Whether or not Europe is in for a “double-dip“ recession with a second downturn yet to come, the crisis we currently face is jobs. That means that most EU governments will be judged on how well they tackle unemployment, and this holds particularly true for Spain.

The Spanish labour market is in need of reform, and it’s not a new problem. For decades, Spanish society has been resigned to low rates of employment. The country’s highly acclaimed transition to democracy after the Franco’s era was not accompanied by comparable economic improvements. Back in 1975 there were 12.5m people employed in Spain, and 20 years later despite an increase in public sector employment that figure hadn’t changed. Private sector jobs had actually shrunk during this period.

An improvement in Spain’s labour market had to wait until new policies were brought in by the government of José Maria Aznar. I was proud to contribute to those developments at a time when job numbers increased substantially. From 1996 to 2004, the year we lost the general election to José Luis Rodriguez Zapatero’s PSOE socialist party, 5.5m new jobs were created, a figure which had grown to 20.5m by mid-2007. Nowadays, Spanish people are proud of two main accomplishments; the political transition of the 1970s and the economic upturn of the 1990s, both of which were made possible by centre-right governments.

But now things are moving in the other direction. The rate of job losses in Spain is the highest in Europe, and probably the highest in the western World. Nearly 80% of job losses in the eurozone were at one point concentrated in Spain. Although Spain’s Labour Market is so defective that basic reforms are called for, Mr. Zapatero is so concerned with short-term political advantage that he has rejected the need for reform. This approach may enhance the government’s relationship with the trade unions, but it clearly damages the country’s medium-term welfare, especially with regard to those people who currently are unemployed.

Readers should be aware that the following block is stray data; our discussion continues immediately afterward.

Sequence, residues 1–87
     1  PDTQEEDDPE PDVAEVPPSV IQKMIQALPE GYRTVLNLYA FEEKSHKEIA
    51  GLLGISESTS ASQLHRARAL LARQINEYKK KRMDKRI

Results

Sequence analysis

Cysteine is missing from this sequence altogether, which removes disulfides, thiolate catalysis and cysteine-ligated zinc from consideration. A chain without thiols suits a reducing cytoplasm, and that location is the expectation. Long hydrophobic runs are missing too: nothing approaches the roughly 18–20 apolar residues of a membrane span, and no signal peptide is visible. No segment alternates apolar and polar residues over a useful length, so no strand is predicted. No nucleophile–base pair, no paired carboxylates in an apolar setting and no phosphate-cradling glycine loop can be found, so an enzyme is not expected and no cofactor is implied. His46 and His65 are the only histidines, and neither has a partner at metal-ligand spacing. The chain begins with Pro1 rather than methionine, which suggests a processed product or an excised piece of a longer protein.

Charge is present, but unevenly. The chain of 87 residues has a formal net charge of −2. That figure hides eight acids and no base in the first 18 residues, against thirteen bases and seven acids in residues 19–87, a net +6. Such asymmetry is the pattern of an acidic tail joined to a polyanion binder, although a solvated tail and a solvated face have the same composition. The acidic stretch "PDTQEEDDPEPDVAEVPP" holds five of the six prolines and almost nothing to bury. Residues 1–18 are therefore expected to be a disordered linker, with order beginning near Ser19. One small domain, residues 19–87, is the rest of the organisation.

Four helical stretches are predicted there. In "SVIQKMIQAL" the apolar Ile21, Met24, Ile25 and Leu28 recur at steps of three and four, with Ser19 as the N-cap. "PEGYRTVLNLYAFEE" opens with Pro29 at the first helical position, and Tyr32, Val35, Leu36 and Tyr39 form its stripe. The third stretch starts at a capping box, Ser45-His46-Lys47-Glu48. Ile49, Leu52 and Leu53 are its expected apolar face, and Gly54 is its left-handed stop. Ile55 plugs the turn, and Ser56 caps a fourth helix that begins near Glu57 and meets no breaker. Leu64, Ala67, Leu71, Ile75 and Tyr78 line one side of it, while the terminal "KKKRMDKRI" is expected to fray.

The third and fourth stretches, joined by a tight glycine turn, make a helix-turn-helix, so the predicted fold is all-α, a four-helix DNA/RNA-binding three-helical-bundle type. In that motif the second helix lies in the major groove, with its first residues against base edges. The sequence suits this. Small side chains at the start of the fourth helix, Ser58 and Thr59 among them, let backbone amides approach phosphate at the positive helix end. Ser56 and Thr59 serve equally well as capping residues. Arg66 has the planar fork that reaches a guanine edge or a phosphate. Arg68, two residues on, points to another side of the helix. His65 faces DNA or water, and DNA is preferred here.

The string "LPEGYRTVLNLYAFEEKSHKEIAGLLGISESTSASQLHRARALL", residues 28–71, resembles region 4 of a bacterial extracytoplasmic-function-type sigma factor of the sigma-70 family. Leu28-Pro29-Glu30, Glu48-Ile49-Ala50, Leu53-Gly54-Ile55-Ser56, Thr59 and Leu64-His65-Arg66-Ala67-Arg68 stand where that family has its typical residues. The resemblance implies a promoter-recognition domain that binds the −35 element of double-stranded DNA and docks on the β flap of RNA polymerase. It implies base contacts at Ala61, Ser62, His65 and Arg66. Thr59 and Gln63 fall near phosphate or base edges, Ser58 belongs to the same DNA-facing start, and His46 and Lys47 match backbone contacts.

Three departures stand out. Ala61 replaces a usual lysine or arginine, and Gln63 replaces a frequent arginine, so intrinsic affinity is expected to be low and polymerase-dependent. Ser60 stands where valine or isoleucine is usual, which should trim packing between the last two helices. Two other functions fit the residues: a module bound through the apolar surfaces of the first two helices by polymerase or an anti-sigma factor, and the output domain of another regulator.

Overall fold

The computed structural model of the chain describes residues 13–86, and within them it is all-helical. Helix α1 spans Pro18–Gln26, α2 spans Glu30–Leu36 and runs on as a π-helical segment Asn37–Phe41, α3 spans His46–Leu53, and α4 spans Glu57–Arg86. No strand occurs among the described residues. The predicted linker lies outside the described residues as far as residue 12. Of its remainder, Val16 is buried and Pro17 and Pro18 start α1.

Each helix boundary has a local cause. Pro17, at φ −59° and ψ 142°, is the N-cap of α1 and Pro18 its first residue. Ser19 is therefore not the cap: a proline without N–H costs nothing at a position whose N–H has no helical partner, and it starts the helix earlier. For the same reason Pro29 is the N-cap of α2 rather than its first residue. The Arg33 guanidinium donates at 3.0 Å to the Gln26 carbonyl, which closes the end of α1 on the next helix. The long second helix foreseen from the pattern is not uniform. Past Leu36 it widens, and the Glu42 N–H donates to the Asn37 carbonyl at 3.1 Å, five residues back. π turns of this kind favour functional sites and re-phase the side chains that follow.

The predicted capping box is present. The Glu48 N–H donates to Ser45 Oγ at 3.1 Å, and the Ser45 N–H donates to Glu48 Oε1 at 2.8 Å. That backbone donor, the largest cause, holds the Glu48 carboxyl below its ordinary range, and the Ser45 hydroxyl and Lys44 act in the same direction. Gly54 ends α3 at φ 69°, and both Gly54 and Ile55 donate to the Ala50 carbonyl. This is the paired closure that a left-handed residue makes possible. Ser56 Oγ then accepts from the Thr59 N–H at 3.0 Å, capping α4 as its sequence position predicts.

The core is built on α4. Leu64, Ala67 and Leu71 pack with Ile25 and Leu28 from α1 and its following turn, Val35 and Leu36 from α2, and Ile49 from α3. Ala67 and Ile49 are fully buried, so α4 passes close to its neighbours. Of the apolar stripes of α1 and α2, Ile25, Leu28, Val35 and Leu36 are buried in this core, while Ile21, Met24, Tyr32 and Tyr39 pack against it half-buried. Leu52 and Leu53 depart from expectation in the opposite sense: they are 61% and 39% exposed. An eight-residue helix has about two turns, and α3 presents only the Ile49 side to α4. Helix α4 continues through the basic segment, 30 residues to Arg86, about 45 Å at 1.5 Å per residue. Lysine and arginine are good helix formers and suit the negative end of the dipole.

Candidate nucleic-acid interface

A comprehensive labour reform strategy for Spain means we should pay attention to four main areas: First, education. We in Spain spend billions of euros trying to improve the skills of both our working and unemployed populations. The results are far from satisfactory. Because of the shortage of people with adequate qualifications, many vacant jobs go unfilled. Yet we still have the highest unemployment rate in Europe.

The current system needs to be replaced, and at the same time accompanied by strict public spending controls and better performance monitoring. New evaluation procedures and official certification should be introduced in areas like foreign language skills and computer literacy skills.

Labour market mediation also needs to be reformed. The public employment agency is quite efficient at managing unemployment benefits, but performs poorly in terms of labour market matching. Few Spanish people can say that they found a job thanks to the national or a regional employment agency. New forms of partnership between the public and private sector, such as outplacement firms, produce better results.

Collective bargaining for wage and general working agreements are overdue for reform. It is well known that labour bargaining gives better results when carried out on a national or even company basis, yet regional or collective bargaining tends to be the norm in Spain, even though it often ignores the problems of unemployment and absenteeism.

But the most important and most difficult area of reform concerns inequality. The Spanish labour market works on a two-tier basis, split between first-class workers, who if dismissed enjoy very high severance compensation, and temporary workers who have very little social protection. This is a difficult issue that urgently needs attention. Job protection is unfairly divided between these two classes of workers. The system is inefficient, and lay-offs depend almost exclusively on the kind of contract a worker has, as opposed to the skills or the performance of an individual worker.

The reforms I am proposing of course concern the Spanish labour market, but probably have some relevance elsewhere in the EU. For although other European countries may have done better with their own labour markets, overall the results are dissatisfying, particularly when it comes to the relationship between labour markets and the welfare state.